Guardian Song of the Week: Buddy Girl and Mechanic, “A Very Ordinary Day”

This week’s pickup for The Guardian’s music from around the world guest blogging series is an ambient Kraut-blues psychedelic pop trip from one of Tokyo’s best new bands.

One of the best Japanese albums of the year was the self-titled debut by Buddy Girl and Mechanic, a Tokyo-based psychedelic pop quartet whose distinctive combination of Krautrock and sultry, ambient blues melodies has marked them at once as a band to watch but also served to hold them separate from any of the close-knit scenes that make up Tokyo’s Balkanised indie landscape.

Released as part of Japanese net label Ano(t)raks’ B.V.D.A. birthday compilation, Buddy Girl and Mechanic’s take on the birthday theme is typically dark and opaque with references to the atomic bomb and Hitler coming at you right from the get go. The group’s familiar musical motifs are also clearly on display, with a metronomic guitar and subtle but insistent drum pattern forming the song’s spine, embellished with occasional crashes of clattering guitar noise. The core dynamic that runs through both this song and the group’s whole catalogue is a tension between this mechanical rhythmical sense and the fluid melodies that float over the top. This juxtaposition of elements is embodied by frontwoman Xiroh herself, whose simple two-note keyboard threaten to give the song an almost technopop feel, while her sultry vocals insist on the organic.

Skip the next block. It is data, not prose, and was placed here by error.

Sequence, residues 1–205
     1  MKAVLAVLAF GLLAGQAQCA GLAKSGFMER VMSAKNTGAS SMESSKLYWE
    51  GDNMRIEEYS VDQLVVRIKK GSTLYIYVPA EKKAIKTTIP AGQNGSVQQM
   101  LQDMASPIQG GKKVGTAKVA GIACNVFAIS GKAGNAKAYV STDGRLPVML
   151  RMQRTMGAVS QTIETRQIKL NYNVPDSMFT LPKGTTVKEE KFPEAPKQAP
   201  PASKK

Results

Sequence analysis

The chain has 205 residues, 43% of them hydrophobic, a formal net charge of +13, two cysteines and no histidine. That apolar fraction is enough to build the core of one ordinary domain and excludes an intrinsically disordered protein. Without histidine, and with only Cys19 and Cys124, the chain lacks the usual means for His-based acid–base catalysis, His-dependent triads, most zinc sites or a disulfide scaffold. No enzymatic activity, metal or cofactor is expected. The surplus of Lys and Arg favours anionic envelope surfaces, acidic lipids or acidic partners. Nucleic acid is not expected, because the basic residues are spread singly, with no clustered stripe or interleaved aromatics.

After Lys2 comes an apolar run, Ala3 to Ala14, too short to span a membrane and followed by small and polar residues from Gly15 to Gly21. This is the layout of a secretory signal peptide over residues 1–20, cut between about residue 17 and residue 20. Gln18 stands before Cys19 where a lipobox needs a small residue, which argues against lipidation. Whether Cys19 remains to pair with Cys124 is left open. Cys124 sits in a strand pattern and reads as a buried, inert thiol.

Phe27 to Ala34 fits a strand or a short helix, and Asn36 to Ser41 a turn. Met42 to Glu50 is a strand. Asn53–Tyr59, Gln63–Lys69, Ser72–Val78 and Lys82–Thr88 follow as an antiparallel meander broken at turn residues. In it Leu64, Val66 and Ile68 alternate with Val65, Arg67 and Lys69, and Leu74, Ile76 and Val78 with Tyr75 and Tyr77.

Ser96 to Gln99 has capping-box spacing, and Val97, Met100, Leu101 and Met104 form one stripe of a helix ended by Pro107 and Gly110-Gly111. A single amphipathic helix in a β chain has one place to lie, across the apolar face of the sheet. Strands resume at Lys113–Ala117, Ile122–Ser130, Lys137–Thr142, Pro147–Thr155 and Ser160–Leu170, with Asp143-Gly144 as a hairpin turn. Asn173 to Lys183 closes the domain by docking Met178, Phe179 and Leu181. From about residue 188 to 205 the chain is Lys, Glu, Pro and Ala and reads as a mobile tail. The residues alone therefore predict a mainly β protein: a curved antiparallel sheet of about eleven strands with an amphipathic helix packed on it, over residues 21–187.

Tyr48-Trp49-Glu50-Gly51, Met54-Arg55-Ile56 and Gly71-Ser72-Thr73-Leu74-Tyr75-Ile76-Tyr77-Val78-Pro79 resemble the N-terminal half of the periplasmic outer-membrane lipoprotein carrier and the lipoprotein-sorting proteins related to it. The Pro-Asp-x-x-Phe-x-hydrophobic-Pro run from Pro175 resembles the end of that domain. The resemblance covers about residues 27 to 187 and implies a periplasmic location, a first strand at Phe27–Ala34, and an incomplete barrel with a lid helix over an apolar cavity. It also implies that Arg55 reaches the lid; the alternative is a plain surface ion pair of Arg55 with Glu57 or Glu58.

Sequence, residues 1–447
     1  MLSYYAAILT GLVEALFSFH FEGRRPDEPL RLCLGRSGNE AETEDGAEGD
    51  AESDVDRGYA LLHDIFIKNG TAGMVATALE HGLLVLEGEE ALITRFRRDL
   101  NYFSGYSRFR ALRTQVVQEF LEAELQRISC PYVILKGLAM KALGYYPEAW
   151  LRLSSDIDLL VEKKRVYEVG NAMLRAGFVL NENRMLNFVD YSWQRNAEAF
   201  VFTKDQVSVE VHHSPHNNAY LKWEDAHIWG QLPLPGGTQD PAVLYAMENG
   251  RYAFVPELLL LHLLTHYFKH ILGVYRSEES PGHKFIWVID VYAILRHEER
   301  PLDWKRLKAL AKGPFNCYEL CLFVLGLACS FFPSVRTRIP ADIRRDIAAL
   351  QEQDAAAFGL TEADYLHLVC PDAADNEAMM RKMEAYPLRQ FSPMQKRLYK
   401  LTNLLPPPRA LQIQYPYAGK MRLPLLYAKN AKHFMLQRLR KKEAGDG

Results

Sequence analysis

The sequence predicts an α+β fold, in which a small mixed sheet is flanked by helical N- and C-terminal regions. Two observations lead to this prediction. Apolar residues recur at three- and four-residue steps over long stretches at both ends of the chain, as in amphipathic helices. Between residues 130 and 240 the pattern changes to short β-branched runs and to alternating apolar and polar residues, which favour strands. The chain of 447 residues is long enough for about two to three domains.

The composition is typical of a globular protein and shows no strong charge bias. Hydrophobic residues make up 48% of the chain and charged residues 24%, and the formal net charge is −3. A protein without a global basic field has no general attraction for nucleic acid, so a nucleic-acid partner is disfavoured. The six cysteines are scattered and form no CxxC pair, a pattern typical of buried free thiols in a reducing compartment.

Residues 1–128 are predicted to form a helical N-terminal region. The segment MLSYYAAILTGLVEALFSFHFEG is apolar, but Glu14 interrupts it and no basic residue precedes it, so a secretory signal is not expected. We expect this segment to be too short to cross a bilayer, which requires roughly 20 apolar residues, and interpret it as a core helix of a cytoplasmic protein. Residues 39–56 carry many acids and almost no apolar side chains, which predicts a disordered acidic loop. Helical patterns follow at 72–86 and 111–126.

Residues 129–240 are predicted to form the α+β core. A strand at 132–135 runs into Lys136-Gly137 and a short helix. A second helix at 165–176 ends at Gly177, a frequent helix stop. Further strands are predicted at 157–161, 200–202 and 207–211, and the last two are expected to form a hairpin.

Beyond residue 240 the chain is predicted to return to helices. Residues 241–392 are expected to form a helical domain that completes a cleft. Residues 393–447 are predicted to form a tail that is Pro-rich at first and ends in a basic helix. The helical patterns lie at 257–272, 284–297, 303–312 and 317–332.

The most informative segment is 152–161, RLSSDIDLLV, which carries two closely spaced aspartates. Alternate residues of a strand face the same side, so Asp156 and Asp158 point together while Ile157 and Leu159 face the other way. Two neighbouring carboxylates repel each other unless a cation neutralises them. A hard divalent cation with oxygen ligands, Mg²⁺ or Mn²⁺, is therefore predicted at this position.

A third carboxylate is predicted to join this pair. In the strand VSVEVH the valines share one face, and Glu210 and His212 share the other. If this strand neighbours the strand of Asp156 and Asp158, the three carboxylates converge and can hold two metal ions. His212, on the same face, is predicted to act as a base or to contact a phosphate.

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3 Comments

Filed under Guardian new music blog, Reviews, Track

3 responses to “Guardian Song of the Week: Buddy Girl and Mechanic, “A Very Ordinary Day”

  1. I’m really loving this band. As a new visitor to your blog, I have a question which is both specific to this article and not: can you recommend me a place where I can (pay to!) download this album, and others? I try not to shop at Amazon and iTunes et al unless I have to…

    Thanks a lot!

    Nick

    • Hey there, thanks for reading. If you don’t want to do iTunes, the only option is to import the CD from Japan as far as I can work out. I can put you in touch with the band if you want and maybe they’d be able to make some arrangement for you. Given the price of Japanese CDs, iTunes is cheaper by many orders of magnitude than importing though.

  2. Pingback: Top 20 Releases of 2013: No.4 – Buddy Girl and Mechanic – Buddy Girl and Mechanic | Clear And Refreshing

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